Mr. Godbout.

+-

    Mr. Marc Godbout (Ottawa—Orléans, Lib.): Mr. Chairman, I'm going to move the motion.

+-

    The Chair: Mr. Godin has already done that.

+-

    Mr. Marc Godbout: In that case, I second it. Can we have the vote?

+-

    The Chair: Mr. Godin, would this be consistent with the spirit of your motion?

    

That the committee accept the amendments moved by the government, notwithstanding the motion agreed to on Tuesday, October 18, 2005, that concerns the deadline.

+-

    Mr. Yvon Godin: Yes, exactly.

    Does anyone second that motion?

+-

    The Chair: We don't need anyone to second it.

    Those in favour of the motion?

[English]

+-

    Mr. Gary Goodyear: Sorry, could you repeat the motion?

+-

    The Chair: Yes, absolutely.

[Translation]

That the committee accept the amendments moved by the government, notwithstanding the motion agreed to on Tuesday, October 18, 2005.

    That's the motion that stated that...

+-

    Mr. Yvon Godin: No. I want to go further than that. We should add: “and that they be debated today.”

    It's all well and good to accept them, but they're going to come back again with a 48-hour notice. I want them to be debated today.

+-

    The Chair: I'll reread the motion:

    

That the committee accept the amendments moved by the government, notwithstanding the motion agreed to on Tuesday, October 18, 2005, and that they be debated today.

    Is that in fact your motion, Mr. Godin?

+-

    Mr. Yvon Godin: That is indeed my motion.

+-

    The Chair: Perfect. We're going to vote.

    Mr. Lauzon.

[English]

+-

    Mr. Guy Lauzon: I want to appeal that ruling that you made as the chair.

+-

    The Chair: Sure.

    An hon. member: There was no ruling.

+-

    Mr. Guy Lauzon: Yes, you made a ruling that it was acceptable. I'm going to appeal that. If you go ahead with the vote, that's fine, but I want to appeal it. I challenge the chair.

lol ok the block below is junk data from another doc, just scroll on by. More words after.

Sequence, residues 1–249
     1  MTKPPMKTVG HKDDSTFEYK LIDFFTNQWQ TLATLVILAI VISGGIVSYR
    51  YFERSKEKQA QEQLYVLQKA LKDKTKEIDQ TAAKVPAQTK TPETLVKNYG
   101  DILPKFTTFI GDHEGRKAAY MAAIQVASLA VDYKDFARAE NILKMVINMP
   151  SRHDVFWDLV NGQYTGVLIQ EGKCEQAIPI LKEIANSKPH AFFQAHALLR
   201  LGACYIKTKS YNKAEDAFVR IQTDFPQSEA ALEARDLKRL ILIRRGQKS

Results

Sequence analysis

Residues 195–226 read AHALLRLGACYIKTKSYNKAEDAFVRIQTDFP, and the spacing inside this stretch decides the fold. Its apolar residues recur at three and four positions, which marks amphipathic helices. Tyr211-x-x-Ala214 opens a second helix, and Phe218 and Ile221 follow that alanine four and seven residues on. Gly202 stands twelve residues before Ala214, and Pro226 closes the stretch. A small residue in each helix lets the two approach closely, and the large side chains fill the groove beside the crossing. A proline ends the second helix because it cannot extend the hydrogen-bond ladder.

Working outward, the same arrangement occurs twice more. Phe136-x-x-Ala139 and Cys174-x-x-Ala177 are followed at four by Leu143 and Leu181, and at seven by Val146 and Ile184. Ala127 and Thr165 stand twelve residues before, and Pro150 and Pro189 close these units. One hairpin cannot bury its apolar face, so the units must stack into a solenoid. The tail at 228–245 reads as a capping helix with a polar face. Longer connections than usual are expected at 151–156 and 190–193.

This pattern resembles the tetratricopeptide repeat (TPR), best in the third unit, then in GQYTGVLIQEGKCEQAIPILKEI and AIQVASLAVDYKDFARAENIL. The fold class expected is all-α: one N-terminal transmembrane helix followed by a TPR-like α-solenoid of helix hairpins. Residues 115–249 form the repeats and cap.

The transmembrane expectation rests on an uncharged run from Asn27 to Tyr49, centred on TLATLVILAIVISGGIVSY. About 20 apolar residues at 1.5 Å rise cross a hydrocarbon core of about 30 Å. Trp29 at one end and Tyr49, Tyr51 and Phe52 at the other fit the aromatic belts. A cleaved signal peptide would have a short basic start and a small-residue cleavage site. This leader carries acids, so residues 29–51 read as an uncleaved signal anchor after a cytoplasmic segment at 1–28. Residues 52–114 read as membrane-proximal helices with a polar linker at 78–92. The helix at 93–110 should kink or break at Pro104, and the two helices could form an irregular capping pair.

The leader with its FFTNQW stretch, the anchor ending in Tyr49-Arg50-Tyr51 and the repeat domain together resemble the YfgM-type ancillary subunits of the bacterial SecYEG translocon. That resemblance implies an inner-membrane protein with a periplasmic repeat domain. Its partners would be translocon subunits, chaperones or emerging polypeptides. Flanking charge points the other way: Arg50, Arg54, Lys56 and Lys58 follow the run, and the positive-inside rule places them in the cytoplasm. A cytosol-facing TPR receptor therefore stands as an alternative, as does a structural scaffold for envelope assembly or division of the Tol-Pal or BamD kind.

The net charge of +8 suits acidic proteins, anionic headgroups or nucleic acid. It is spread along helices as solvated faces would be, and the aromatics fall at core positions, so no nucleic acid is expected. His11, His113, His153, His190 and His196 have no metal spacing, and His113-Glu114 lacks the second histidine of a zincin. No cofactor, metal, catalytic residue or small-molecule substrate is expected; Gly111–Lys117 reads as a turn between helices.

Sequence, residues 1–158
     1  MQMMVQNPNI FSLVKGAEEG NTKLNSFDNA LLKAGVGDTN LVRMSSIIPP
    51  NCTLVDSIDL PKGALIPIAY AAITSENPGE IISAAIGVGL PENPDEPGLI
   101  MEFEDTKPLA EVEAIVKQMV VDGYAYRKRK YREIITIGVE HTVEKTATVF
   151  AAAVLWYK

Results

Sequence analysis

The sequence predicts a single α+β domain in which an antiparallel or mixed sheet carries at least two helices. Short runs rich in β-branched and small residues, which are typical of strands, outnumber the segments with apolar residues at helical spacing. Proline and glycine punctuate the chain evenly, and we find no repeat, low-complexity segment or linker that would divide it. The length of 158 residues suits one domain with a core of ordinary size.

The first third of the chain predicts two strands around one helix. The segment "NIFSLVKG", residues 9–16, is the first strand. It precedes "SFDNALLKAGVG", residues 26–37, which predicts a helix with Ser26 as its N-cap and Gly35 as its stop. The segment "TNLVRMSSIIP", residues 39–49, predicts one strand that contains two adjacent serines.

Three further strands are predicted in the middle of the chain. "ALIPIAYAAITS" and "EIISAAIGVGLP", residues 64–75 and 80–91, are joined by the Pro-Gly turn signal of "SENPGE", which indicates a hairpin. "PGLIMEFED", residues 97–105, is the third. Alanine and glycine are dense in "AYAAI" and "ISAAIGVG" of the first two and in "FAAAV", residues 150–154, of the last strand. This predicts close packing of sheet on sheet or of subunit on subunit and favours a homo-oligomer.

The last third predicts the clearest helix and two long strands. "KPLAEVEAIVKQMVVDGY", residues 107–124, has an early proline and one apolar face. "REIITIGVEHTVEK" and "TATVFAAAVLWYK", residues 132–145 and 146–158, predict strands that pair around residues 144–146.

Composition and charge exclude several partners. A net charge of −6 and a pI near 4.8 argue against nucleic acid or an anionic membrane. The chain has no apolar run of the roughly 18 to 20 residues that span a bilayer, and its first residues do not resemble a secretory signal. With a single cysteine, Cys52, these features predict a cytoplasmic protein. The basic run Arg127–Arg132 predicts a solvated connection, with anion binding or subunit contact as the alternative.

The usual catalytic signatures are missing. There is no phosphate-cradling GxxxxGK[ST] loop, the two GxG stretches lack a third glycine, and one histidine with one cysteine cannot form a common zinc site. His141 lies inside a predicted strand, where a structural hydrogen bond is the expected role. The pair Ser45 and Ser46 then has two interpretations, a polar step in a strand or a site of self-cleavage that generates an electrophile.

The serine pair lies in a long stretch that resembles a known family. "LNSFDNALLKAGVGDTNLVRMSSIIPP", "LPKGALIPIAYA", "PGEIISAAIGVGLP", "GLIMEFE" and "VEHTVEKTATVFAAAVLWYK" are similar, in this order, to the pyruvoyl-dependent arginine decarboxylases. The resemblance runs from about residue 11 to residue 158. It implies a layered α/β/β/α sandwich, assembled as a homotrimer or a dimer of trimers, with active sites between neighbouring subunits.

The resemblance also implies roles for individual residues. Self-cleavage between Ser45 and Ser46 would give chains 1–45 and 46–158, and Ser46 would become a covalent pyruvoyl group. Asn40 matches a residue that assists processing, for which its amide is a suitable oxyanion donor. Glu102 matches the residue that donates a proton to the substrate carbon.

[Translation]

+-

    The Chair: Can you say exactly what you're appealing?

[English]

+-

    Mr. Guy Lauzon: I think what you decided as the chair of the committee is improper.

+-

    The Chair: Okay, but which decision?

[Translation]

+-

    Hon. Don Boudria (Glengarry—Prescott—Russell, Lib.): Mr. Chairman...

+-

    The Chair: Wait, Mr. Boudria, I just want...

[English]

+-

    Mr. Guy Lauzon: The decision to accept this motion.

[Translation]

+-

    Hon. Don Boudria: I move that the Chair's ruling be sustained. It's correct and it's not debatable.

[English]

+-

    Mr. Guy Lauzon: Well, I'm sorry, but the clerk--

¾  +-(0825)  

+-

    Hon. Don Boudria: It's not debatable. It's ended. You have to call the vote now.

+-

    Mr. Maurice Vellacott: Everything is debatable.

+-

    Hon. Don Boudria: No, sir.

    I move that the chair's ruling be sustained. That is not debatable in parliamentary law. You can't debate that.

+-

    Mr. Maurice Vellacott: You can challenge the chair.

    He can challenge the chair, and that's the point of what he's doing.

+-

    The Chair: Can you share your thoughts with everybody, please?

+-

    The Clerk: To challenge the chair, the motion is that the chair's decision be maintained, which I believe is what you're moving.

+-

    Mr. Guy Lauzon: Not that it be maintained.

+-

    The Clerk: But that's the process.

+-

    Hon. Don Boudria: That's the only thing that's in order.

+-

    The Clerk: That's the process. You move that it's--

+-

    Hon. Don Boudria: And I just moved it.

+-

    The Clerk: It's a negative vote.

[Translation]

+-

    The Chair: You have to say you sustain my decision. In that way, all rulings...

[English]

+-

    Mr. Maurice Vellacott: He's challenging the chair.

+-

    The Clerk: By moving that motion, that's how you do it.

+-

    Mr. Guy Lauzon: I still don't see the problem.

+-

    Mr. Maurice Vellacott: He's challenging. Read the motion in, the challenge to the chair.

+-

    The Clerk: It's a negative vote.

[Translation]

+-

    The Chair: There's no debate on it. When the Chair's ruling is questioned, we proceed directly to the vote. Since Mr. Lauzon is challenging my ruling, we're going directly to the vote.

+-

    Mr. Guy Lauzon: There's no debate.

+-

    The Chair: It's not debatable. We'll go to Mr. Lauzon's motion before anything else.

+-

    Mr. Yvon Godin: Yes, we'll proceed to his motion.

[English]

+-

    The Chair: Those in favour of the chair's ruling being sustained? Those against?

    (Motion agreed to)

[Translation]

+-